SINAN CIERO deserved to be the public choice in the last race of the day at Churchill Downs on June 5, 1996. Winner of his only start while earning an “off the chart” Speed Rating (99) for a first time starter, Sinan Ciero appeared to have tremendous potential. This was a well-bred horse by a top young sire and out of a good producing mare who had already thrown a turf winner.  He had the looks of a future stakes horse.

On the BRIS Ultimate Past Performances, the favorite’s pedigree stats read as follows:

SIRE: 21% turf, 27% 1st Turf, 6.2 AWD (Average Winning Distance)

DAM: 1 turf winner, 9 starters, 6 winners [at the time of the race]

Sinan Ciero was making his first start on the grass, a surface he was obviously bred for, and he was stretching out to one mile. With an outstanding figure earned in his six-furlong maiden win and sporting two workouts over the Churchill lawn, Sinan Ciero seemed more than capable of winning this race.

Most within the wagering public seemed to see the same thing because Sinan Ciero was being bet down below even-money in this field. On the surface, this race appeared fairly weak, so he looked formidable at 4-5. The chink in the armor, of course, was that this was an inexperienced horse trying a new surface and two turns for the first time. No big deal, right?

In the field of twelve, only one other runner, MAJESTIC RANSOM, had the type of pedigree stats that screamed “I want turf, please!” Making his grass debut, Majestic Ransom had the following turf pedigree:

SIRE: 24% turf, 21% 1st Turf, 7.3 AWD

DAM: 1 turf winner, 5 starters, 5 winners  [at the time of the race]

Horse racing PPs

copyright Brisnet.com

Exiting a win in a conditioned $25,000 claimer, Majestic Ransom did not have the “future stakes horse” look that the favorite had, but he was in sharp form and bred just as well for the lawn. Majestic Ransom had run a 92 Speed Rating in his recent win and also had won a Maiden Special Weight race two back, running a 91 fig in the mud. It was worth noting that Majestic Ransom’s sire, Red Ransom, had a much higher AWD than Dayjur, indicating that the stretch out in distance should be easier for him than for the favorite.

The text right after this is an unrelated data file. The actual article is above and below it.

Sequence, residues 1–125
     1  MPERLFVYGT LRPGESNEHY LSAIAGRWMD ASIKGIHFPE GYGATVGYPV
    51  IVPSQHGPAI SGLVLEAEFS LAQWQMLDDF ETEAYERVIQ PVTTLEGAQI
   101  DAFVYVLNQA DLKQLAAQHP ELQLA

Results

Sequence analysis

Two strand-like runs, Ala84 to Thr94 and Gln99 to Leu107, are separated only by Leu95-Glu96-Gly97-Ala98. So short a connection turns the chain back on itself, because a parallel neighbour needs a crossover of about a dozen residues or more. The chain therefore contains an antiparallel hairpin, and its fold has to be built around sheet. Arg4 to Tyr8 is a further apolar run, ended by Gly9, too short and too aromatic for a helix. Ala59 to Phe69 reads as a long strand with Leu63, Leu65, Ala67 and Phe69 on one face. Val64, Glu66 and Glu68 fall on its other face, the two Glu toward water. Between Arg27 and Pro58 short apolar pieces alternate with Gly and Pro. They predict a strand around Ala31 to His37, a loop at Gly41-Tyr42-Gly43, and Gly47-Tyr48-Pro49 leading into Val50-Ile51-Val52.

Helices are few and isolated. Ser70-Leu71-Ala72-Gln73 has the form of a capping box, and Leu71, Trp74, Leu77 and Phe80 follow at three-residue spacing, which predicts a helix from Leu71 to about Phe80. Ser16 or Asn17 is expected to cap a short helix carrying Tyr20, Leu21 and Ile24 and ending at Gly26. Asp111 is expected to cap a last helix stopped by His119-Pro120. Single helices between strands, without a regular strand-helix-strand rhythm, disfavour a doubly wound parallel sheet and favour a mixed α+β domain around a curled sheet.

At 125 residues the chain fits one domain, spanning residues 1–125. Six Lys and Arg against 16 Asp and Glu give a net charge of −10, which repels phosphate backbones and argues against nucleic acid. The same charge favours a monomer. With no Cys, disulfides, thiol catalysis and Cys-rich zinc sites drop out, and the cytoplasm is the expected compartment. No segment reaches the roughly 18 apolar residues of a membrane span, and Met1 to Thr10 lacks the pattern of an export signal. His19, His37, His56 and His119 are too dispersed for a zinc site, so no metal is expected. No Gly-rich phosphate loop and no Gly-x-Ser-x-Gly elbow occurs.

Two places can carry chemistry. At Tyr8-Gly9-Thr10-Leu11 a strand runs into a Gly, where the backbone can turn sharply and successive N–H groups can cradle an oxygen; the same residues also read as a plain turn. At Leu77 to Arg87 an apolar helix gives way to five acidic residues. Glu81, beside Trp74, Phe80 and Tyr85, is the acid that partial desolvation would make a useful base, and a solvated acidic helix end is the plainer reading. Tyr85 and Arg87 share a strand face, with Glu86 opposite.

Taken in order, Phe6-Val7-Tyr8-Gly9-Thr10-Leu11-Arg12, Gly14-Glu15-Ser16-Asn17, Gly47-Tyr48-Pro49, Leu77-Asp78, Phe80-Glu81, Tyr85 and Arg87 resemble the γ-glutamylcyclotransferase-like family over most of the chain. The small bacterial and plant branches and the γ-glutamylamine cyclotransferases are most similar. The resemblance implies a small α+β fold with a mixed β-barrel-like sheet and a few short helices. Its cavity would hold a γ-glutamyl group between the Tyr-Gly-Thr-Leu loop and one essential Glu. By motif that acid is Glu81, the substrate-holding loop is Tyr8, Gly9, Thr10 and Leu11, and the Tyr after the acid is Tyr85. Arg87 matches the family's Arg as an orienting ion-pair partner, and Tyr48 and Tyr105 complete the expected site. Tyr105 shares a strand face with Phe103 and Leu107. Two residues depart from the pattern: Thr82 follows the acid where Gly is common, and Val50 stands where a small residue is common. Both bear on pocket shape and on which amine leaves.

Majestic Ransom opened at 8-1, which was slightly below his 10-1 morning line.  Shortly after the post parade, the odds on Majestic Ransom began to drift up as Sinan Ciero continued to hover around 4-5.

What’s a horseplayer to do? This race was the classic example of the dilemma that handicappers face on a regular basis. All horseplayers at one time or another have fallen into the trap of assuming a horse will win just because he is a prohibitive favorite.

“Well, he looks like a future superstar,” they think to themselves, “and someone is betting him heavy, so he’s probably unbeatable. I’ll key him on top in the exotics.  I’ll key him in the Pick-4.”

With experience, many handicappers are able to overcome that detrimental thinking and take advantage of opportunities like the one that was presented in this race.

When it came to pedigree for the turf, there was not much separating Sinan Ciero from Majestic Ransom. However, the same could not be said for the pari-mutuel odds.  As the horses were nearing the gate, the former was 4-5 and the latter was 13-1. The decision was easy. Take the high road and bet Majestic Ransom.

The astute horseplayers who strayed from the masses were well rewarded on this day. As the latches sprung open, Majestic Ransom pounced to the early lead, while Sinan Ciero broke sluggishly and went wide in his first race around two turns.  The favorite was finished after six furlongs, but Majestic Ransom cruised home easily by three lengths. He topped an unbelievable $41,141.50 superfecta while returning $28.60, $12.40 and $9.00 across the board.

Making the decision to key on a horse such as Majestic Ransom instead of Sinan Ciero is the difference between being a winning horseplayer and a losing one.  It takes conviction and experience. It is important to remember that no one makes money doing the same thing that everyone else is doing. The Majestic Ransoms will not win all the time, but they will be victorious often enough to make it worthwhile in the long run.

When you come to the fork in the road with two horses of similar credentials but vastly different odds, take the less crowded highway. When you reach your destination, the payoff is always more rewarding.